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Topic: [SPAM] +Vac Pot Fragility (17 msgs / 354 lines)
1) From: Barry Luterman
This is a multi-part message in MIME format.
Got 18 mos out of my last one. At 45 apiece that works out to $2.5 a =
month, or .08 per day or .1 a cup.

2) From: Barry Luterman
This is a multi-part message in MIME format.
missed a decimal $0.01 per cup

3) From: Eddie Dove
Thanks, Barry ... I knew what you meant.  Is any one better than another?
On 10/26/06, Barry Luterman  wrote:

4) From: Barry Luterman
This is a multi-part message in MIME format.
I have had great coffee out of the cheapest the Bodum Santos. I use a =
Hario cloth filter in it. The plastic filter they send with it is very =
finicky and stalls a lot. The Hario filter is not glass and doesn't =
break. I let one go in the garbage disposal once. Not a pretty sight.

5) From: Les
My depression glass vac pot broke :>((.  Someone was kind enough to not use
it and sell it to me cheap.  I enjoyed 5 years of vac pot brewing from it!
The unique rippled glass was a pain to clean, but added to the brew
experience.  I have a number of antique vac pots.  Some I use only for
special events, others like the one above were used on a regular basis.  I
like using a Yama with a Cory Rod.  I have had a Yama implode on me!  It was
scary, and made a mess on the stove.  It is a fun way to brew and makes
excellent coffee.
On 10/26/06, Eddie Dove  wrote:

6) From: Eddie Dove
My wife recently discovered that she can transform regular teaspoons into
grapefruit spoons using the garbage disposal ... she been practicing and I
think she's got her technique honed.
On 10/26/06, Barry Luterman  wrote:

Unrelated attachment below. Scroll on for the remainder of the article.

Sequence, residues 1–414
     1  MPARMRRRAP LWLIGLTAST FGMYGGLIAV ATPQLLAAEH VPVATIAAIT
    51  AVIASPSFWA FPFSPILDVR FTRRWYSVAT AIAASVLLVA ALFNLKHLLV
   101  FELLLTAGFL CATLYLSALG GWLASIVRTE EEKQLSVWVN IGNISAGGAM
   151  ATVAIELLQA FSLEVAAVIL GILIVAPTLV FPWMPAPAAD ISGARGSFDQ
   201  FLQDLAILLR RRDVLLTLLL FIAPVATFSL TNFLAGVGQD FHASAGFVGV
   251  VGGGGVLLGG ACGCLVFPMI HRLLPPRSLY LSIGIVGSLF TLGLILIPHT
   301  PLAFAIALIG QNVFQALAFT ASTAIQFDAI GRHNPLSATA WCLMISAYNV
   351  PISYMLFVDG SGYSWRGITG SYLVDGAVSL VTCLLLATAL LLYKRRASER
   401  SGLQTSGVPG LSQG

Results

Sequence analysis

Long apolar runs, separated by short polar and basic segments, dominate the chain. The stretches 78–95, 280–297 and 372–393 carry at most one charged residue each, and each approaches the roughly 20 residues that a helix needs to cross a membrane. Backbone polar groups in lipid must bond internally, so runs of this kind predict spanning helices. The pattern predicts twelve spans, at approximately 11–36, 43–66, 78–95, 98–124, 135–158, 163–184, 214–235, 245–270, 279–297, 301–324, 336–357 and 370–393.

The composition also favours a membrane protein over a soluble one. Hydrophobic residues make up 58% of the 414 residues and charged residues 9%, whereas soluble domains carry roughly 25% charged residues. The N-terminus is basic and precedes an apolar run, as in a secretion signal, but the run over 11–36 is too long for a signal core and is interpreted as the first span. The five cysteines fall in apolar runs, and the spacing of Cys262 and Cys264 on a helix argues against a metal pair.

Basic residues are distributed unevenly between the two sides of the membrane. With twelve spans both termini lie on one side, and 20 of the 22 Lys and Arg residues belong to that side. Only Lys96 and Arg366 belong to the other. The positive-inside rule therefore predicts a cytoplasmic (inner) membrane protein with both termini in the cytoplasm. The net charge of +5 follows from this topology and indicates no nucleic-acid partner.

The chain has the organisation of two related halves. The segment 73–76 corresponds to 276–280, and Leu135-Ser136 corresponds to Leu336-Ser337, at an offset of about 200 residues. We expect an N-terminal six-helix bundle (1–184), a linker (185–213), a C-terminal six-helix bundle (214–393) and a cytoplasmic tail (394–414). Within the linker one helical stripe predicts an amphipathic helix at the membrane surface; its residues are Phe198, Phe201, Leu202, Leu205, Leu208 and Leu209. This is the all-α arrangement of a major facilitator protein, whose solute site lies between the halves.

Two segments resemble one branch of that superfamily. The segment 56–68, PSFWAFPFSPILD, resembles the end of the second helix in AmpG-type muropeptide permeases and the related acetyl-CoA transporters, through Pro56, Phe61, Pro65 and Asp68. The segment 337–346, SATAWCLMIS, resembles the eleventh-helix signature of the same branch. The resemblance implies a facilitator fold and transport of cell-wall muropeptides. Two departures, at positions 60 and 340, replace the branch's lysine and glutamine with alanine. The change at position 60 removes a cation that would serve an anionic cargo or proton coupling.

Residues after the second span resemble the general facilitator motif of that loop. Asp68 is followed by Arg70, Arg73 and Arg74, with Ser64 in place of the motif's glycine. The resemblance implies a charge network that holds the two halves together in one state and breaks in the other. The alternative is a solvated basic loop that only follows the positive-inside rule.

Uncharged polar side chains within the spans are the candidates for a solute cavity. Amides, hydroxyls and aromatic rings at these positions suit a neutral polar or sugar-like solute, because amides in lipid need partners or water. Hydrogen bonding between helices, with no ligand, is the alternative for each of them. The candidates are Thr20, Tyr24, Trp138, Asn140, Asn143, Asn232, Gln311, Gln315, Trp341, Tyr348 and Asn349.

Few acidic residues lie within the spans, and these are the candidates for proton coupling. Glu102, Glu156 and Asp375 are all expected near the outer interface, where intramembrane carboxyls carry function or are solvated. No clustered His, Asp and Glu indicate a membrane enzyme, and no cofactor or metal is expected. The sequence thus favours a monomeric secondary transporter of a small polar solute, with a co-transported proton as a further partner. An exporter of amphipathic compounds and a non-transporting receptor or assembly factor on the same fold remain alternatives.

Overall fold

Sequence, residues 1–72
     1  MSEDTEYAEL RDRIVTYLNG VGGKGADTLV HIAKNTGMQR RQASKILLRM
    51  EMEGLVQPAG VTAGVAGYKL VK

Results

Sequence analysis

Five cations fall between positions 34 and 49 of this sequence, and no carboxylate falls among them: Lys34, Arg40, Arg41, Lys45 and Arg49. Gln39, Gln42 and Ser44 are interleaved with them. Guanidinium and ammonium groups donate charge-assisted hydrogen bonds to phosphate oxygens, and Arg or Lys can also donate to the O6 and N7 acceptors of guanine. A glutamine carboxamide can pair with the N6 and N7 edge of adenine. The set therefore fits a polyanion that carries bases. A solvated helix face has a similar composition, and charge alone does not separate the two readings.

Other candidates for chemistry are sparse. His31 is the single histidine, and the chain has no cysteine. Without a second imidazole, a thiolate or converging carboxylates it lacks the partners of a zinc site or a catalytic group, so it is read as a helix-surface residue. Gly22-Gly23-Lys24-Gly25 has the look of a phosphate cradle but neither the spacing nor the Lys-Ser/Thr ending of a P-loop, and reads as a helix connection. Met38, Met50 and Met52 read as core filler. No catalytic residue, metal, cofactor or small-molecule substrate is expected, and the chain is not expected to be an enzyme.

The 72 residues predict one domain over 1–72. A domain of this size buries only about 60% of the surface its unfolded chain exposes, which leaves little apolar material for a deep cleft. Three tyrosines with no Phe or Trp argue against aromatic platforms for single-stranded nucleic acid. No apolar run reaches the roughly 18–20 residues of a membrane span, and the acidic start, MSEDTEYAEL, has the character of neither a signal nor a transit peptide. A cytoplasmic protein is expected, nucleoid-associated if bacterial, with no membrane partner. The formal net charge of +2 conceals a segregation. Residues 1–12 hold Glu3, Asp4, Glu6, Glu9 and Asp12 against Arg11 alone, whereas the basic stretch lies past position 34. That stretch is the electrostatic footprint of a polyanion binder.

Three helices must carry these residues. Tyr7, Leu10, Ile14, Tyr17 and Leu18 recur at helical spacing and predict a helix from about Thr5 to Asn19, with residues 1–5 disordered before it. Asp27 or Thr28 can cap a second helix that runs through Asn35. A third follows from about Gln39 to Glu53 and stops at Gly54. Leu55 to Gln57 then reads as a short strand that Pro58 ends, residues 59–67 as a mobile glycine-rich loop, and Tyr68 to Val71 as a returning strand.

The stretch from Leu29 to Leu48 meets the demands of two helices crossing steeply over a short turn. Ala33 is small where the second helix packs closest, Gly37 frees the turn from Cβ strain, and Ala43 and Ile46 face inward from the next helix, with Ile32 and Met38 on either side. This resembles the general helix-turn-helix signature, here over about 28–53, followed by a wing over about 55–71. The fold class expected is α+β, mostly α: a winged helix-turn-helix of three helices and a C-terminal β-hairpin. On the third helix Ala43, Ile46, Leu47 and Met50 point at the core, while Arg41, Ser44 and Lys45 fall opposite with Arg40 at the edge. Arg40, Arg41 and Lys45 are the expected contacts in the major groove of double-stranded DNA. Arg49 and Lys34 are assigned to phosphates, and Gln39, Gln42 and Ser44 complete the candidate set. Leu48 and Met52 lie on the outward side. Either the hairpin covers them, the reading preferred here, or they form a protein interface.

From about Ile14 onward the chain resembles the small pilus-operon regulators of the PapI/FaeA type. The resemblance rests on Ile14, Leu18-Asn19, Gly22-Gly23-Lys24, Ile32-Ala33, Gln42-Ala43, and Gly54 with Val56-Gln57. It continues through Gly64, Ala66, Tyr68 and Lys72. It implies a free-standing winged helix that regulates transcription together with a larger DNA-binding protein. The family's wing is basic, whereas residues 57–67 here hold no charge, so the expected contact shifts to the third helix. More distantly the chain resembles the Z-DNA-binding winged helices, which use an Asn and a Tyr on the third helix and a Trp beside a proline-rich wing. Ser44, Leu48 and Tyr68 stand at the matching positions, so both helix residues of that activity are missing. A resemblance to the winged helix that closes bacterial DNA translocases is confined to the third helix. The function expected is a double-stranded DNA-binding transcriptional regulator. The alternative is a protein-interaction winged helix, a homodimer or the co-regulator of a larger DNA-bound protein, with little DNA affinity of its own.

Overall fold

7) From: Michael Dhabolt
Drink espresso until coherent (for me that seems to be directly
related to my age - currently early afternoon).  Pretty soon, you'll
be firmly committed to the 'dark side'.  Store the super cool /
expensive / fragile Vac Pot high on a shelf, because you'll only use
it when company comes.  Great conversation starter, and great brewed
coffee.  Will last for years.
Mike (just plain)

8) From: Eddie Dove
Sorry to hear that, Les.
I run across (on the web) the Yama with Cory Rod quite a bit.  This seams to
be quite popular. My understanding is that the brighter coffees tend to
"sparkle" more with this method.  Would that be accurate?
On 10/26/06, Les < les.albjerg> wrote:

9) From: Eddie Dove
I resemble that!
On 10/26/06, Michael Dhabolt  wrote:

10) From: Derek Bradford
On 10/27/06, Barry Luterman  wrote:
I laughed a solid 2 minutes at the thought of that.  Nice.
-- http://www.novernae.comHome of the Wandering Sloth

11) From: Michael Guterman
This is a multi-part message in MIME format.
Barry Luterman wrote:
I use a Cory glass rod in my Bodum.  Makes good coffee.  I must admit 
that I usually use the Solis 5000 when feeling too lazy to do the 
espresso thing with the Isomac.

12) From: Barry Luterman
This is a multi-part message in MIME format.
I replaced  my TV with the Santos and found the coffee much improved. =
However, like the rest on the darkside I am essentially a shot and =
Americano man now. However, my wife likes brewed coffee in the morning =
and I join her before she goes to work. She goes off to work with a =
thermos full of Cappos. Then it's shots for me all day. I personally =
think for brewed coffee a vac pot is the way to go.

13) From: Aaron
I use the regular filter that came with my bodum santos and never had